Length: 6,650 km (4,132mi)
Route Countries of flow: Uganda, south Sudan, Sudan,
Ethiopia and Egypt,
River Nile starts flowing from Jinja in Uganda, the Nile emerges from Lake Victoria as the Victoria Nile and travels northwards, passing through two other Equatorial Lakes – Kyoga and Albert. Through these two Lakes, the Nile captures runoff from two mountainous and high-rainfall areas (Mount Rwenzori and mount Elgon) on the southwestern and southeastern peripheries of the basin.
The river re-emerges from Lake Albert as the Albert Nile and journeys northwards to Nimule near the South Sudan–Uganda border. From this point, the river, now known as the Bahr el Jebel (meaning river of the mountains), flows over the Fula rapids and through the Sudd before meeting the Bahr el Ghazal (meaning river of the gazelles) at Lake No. The Bahr el Ghazal drains high rainfall areas of western South Sudan. From Lake No, the river turns eastwards to join with the Sobat River, which carries high, seasonally variable, flows originating in the Ethiopian Highlands.
Many varieties of fish are found in the Nile system. Notable among those found in the lower Nile system are the Nile perch (which may attain a weight of more than 175 pounds), the bolti (a species of Tilapia), the barbel, several species of catfish, the elephant-snout fish, and the tigerfish, or water leopard.
Type of vegetation along river Nile
The rivers are commonly fringed by gallery forests and herbaceous littoral vegetation. The latter is dominated by papyrus, common reed (Phragmites australis), water lily, Nile cabbage (Pistia stratiotes), and occasionally water hyacinth.
The Papyrus. The papyrus plant is found along the Nile River. Not only did the ancient Egyptians famously use the stem of the papyrus plant to make paper, they also used it to make sails, cloth, mats, and cords.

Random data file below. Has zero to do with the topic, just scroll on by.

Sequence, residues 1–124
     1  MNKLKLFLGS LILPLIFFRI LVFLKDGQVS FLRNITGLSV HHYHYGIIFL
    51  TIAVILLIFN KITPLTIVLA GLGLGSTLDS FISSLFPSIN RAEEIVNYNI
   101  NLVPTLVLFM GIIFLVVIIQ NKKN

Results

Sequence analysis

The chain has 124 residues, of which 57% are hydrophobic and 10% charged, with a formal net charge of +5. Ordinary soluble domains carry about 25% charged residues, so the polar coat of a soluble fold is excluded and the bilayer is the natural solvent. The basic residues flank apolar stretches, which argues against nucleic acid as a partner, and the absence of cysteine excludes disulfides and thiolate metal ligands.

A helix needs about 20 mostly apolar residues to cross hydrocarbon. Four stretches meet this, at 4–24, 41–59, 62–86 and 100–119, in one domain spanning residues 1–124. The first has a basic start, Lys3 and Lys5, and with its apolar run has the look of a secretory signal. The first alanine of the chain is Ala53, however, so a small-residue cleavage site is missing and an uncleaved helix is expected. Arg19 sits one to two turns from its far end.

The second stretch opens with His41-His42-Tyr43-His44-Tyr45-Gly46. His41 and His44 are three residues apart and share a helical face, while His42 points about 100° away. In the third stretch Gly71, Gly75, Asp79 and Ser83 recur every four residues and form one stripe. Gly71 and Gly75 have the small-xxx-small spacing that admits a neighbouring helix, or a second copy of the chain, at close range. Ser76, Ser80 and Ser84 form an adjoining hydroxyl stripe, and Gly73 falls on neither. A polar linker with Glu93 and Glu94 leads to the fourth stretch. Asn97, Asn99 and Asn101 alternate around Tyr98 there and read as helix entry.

Length: 4,700 km
Route Countries of flow: Cameroon, Central African Republic, Democratic Republic of the Congo, Republic of the Congo, Equatorial Guinea and Gabon.
The River Congo
The Congo River, formerly also known as the Zaire River, is the second longest river in Africa, shorter only than the Nile, as well as the second largest river in the world by discharge volume, following only the Amazon. It is also the world’s deepest recorded river, with measured depths around 219.5 m.
The Congo River is the most powerful river in Africa. During the rainy season over 50,000 cubic metres (1,800,000 cu ft) of water per second flows into the Atlantic Ocean. Opportunities for the Congo River and its tributaries to generate hydropower are therefore enormous.
Length: 4,200 km (2,611 mi)
Route Countries of flow: Niger, Nigeria, Mali, Benin, Guinea
The river Niger
Niger River is the third longest river in Africa, the principal river of western Africa and eleventh longest in the world, extending about 4,200 km (2,611 mi). The river flows through: Algeria, Burkina Faso, Benin, Cameroon, Chad, Côte d’Ivoire, Guinea, Mali, Niger and Nigeria. Its main tributary is the Benue River. The Niger River is the main river of West Africa, extending about 4,180 km. Its drainage basin is 2,117,700 km² in area. Its source is in the Guinea Highlands in south-eastern Guinea near the Sierra Leone border.
The name may Niger come from a Berber phrase ger-n-ger meaning “river of rivers”. As Timbuktu was the southern end of the principal Trans-Saharan trade route to the western Mediterranean, it was the source of most European knowledge of the region.
(4) River Zambezi
Length: 4,200 km (2,611 mi)
Route Countries of flow: Angola, Zambia, Zimbabwe, Botswana, Malawi, Mozambique,
The Zambezi River
River Zambezi is the fourth longest river in Africa and the largest flowing into the Indian Ocean from Africa. The area of its basin is 1,390,000 square kilometres and the depth of 2,693 km (1,673 mi).
The Zambezi River is the fourth-longest river in Africa, the longest east-flowing river in Africa and the largest flowing into the Indian Ocean from Africa.
The Zambezi River flows through numerous game reserves and national parks, providing sustenance to a diverse array of game, birdlife and fish species. The Zambezi is not only a major tourist attraction but also a lifeline and a constant source of income
Length:1,060 kilometres (660 mi)
Route Countries of flow: marks the border between the Central African Republic and the Democratic Republic of the Congo (DRC)